I watched the seconds pass on my digital watch, counting the passing of my life. My hands trembled, my mother’s tremors now part of my existence. Better than my brother, though, who developed his tremors in his thirty’s. Mine at least waited until I reached my sixties, when it wasn’t a strange sight to see an old woman’s hands shake.
The nurses scurried through the halls along with the occasional harassed-looking doctor. It occurred to me that a harried-looking doctor didn’t project much confidence. Was harried the step before panic? I didn’t know the precise hierarchy of that sort of thing was. And why were they harried? Were people sicker than they’d anticipated? My mouth went dry. Where was our doctor? I checked the watch again—it continued to count the seconds of my life, my future racing up to me then whooshing by, gone, history.
I drew a deep breath and sighed. A lot of history—much of it faded in my mind. Not dementia or Alzheimer’s, thank God. Just distance. I never was much for dwelling on the past. I tend to live in the present or the future. But to be honest, in my sixties, there wasn’t a lot of future left, given the current standard women’s lifespan. My heart leapt when a doctor stopped outside the door. I waited, breath held, but he checked his watch and moved off. Ne news for me yet, then. I went back to breathing. What was taking so long?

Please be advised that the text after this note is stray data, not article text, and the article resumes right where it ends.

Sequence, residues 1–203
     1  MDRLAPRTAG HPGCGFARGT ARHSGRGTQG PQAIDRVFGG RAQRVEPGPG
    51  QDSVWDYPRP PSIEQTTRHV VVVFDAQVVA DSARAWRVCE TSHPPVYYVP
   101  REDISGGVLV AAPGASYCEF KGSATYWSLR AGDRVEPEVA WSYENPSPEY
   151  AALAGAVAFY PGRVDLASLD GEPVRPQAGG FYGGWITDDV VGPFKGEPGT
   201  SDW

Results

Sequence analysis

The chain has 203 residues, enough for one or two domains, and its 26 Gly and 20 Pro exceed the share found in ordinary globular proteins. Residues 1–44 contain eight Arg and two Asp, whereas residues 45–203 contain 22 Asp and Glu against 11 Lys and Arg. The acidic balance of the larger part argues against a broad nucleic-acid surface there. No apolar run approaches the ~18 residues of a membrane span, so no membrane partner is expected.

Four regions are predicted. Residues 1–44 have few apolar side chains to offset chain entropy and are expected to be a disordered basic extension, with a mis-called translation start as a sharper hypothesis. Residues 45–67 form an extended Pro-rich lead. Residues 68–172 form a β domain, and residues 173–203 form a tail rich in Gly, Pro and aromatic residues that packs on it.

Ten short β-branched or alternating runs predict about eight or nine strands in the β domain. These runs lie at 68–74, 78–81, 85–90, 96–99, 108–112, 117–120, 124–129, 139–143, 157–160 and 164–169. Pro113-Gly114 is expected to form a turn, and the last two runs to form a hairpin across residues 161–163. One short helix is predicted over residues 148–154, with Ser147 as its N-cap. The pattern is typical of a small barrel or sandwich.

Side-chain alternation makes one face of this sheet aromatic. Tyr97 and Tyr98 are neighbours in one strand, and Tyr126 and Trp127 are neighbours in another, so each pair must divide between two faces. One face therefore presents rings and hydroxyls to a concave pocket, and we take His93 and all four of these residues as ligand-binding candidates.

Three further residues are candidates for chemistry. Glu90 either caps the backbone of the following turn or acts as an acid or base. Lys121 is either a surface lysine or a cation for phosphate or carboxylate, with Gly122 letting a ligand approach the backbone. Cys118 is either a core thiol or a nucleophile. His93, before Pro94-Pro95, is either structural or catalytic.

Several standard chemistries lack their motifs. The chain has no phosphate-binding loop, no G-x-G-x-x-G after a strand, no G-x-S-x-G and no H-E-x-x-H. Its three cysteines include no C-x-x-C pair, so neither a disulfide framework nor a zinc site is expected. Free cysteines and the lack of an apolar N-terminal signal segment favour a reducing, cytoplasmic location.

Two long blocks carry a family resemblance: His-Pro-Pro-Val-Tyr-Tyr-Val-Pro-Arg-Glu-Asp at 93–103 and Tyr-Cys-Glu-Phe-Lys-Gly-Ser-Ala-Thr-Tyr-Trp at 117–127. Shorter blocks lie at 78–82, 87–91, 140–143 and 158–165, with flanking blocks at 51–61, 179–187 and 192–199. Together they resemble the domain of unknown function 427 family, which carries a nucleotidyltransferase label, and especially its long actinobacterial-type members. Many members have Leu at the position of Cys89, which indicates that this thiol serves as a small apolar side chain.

It was November and my mind drifted to Thanksgiving. It was at my house this year, my brother and his wife, my sister, all their kids. Mom was gone two years. I’ll make her recipe for rice pudding, a family favorite and she’ll be present in our hearts.
Another doctor paused outside the door, a nurse walked up to him. I couldn’t hear what was being said, the waiting room TV was blasting a soap opera. I was surprised. I didn’t know any were still running. The nurse nodded and left. The doctor, too, in the opposite direction. I sank back into my seat. My own anxiety level rising.
I dropped the year-old magazine I was holding onto the side table. I wasn’t reading it—I might as well let someone else pick it up to hold.
The air conditioning kicked on and I pulled my sweater closer around me. Why is the A/C on in November? I gave the vent a glare and considered moving my seat but a look around revealed everyone else was as annoyed as I was. So when I heard my name called out, I jumped. “Yes!” I hurried to the nurse in the door.
I tucked my purse under my arm. “That’s me.”
“Your daughter, Jessica, is fine. You have a new grandson.” She smiled at me, the corners of her blue eyes crinkling. “Nine pounds, six ounces. He’s healthy as can be.”
My knees quivered with relief. “Can I see her?”
“Right this way, Mrs. Johns.”
I followed her—already planning the baby’s first Thanksgiving.
Thank You for Reading!
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